Many plants produce resins and oils, which when isolated can be used for a wide array of applications. Some of the most popular uses are for flavoring food, healthcare, and apothecary. Given that these compounds can have vast chemical differences, various extraction methods exist to isolate them.
There are two main extraction methods: solvent and solventless cannabis extractions. Solvents are substances that dissolve into a liquid. The most popular solvents in plant extraction are butane and propane, both natural gases at atmospheric temperature. Solvent extraction is more widely used because it can be done on a larger scale than solventless. Solventless extraction, on the other hand, is extraction less the introduction of any foreign materials other than water.
Butane and Propane: What are the differences?
Butane, or C4H10, is an alkane natural gas found in two forms: n-butane or isobutane. N-butane is the most commonly-known derivative; it is a highly refined and flammable hydrocarbon that is used in torches, cigarette lighters, and stoves. Butane is a non-polar compound.
Propane is a common non-toxic solvent. It is primarily used in the spices, flavors, and fragrances industries, even though it is odorless and colorless. The U.S. propane supply is growing in abundance because of the burgeoning market for natural gas. Propane is a non-polar compound.
Blending the two gasses, butane and propane, is common practice. This blend would contain both solvents, which will yield a greater number of extracted compounds than the solvents individually.
Butane extractions occur in a closed-loop extraction system. These units are closed, devoid of atmosphere, and recover the gas to its original vessel. These units use pressure differences to move the pressurized solvent through the system. Given that butane has a boiling point of 30.2F, it can easily be re-condensed without the use of extreme temperatures. This makes butane the solvent of choice for passive recovery. Butane tends to yield a more stable extract, as polar terpenes are left behind.
Propane extraction is basically the same as butane extraction, with the exception of pressure. Since propane has a boiling point of -43.6F, it creates much higher pressures. This is advantageous because the solvent temperature can be much lower without losing pressure. Subzero temperature helps stop the extraction of lipids and waxes, giving a higher purity to the extract. These pressures, however, make passive recovery almost impossible without the use of dry ice or liquefied gasses. A recovery pump is used to assist the propane in recovery. Given that propane is a non-polar compound, it is superior in extracting many aromatic terpenes.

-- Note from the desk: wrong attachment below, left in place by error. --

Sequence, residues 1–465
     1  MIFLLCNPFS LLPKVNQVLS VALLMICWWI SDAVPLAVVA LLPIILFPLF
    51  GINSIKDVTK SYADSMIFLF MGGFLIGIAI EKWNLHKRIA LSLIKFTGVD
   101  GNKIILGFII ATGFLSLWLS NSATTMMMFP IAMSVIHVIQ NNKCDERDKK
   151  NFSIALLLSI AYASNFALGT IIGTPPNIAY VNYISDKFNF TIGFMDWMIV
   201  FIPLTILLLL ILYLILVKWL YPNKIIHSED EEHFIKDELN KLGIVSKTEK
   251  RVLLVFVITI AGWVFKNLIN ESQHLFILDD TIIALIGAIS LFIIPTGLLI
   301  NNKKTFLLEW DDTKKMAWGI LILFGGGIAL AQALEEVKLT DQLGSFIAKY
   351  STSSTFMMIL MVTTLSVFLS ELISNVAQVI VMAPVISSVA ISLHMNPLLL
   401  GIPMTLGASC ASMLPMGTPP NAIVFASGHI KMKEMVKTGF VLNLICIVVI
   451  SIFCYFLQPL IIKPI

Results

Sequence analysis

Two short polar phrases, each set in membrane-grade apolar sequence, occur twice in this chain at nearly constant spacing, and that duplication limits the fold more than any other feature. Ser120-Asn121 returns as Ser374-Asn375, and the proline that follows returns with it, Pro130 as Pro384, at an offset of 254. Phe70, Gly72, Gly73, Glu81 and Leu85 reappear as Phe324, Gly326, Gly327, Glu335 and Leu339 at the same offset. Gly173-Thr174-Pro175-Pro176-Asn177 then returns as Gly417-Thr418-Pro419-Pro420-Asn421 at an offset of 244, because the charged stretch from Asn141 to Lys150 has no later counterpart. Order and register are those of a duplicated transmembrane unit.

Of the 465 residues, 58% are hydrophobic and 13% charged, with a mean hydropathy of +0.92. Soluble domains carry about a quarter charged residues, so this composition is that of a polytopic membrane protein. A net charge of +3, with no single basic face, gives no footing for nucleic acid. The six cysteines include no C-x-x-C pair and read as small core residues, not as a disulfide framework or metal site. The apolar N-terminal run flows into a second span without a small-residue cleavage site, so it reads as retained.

What are the benefits of butane/propane extraction?
Hydrocarbon extraction is often used in large production. Large amounts of material can be extracted at once, and because these solvents have such low boiling points, they can be distilled from the extract quickly, and without using high temperatures can degrade the product. These solvents are used for full plant extracts, and post-processing can yield various consistencies. This makes butane/propane extraction a preferable method.
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With U.S. natural gas quantities dramatically increasing, domestic butane and propane are repeatedly the preferred choices for our customers. Our butane/propane solutions provide higher quality extraction for the customer with little to no unknown oils at a cost that makes sense for your operations. Additionally, with our short distance-to-market, your materials will be available to you in a more timely manner so you can get back to businesses more efficiently. Contact us to help you choose which system fits your needs.
Many extractor operators prefer to use a blended gas of butane and propane. Since these gasses make an azeotropic mixture, the boiling point of the mixed gas ends up being a middle ground between the two parts of the mixture. This allows the operator to have slightly higher pressure than pure butane, without having to operate above 100PSI. Common mixtures are 70% Butane – 30% Propane, known as 70-30 and a 50-50 blend.
Blended gas will have different pressure at a given temperature. Higher levels of propane will increase the pressure. Please refer to the chart below.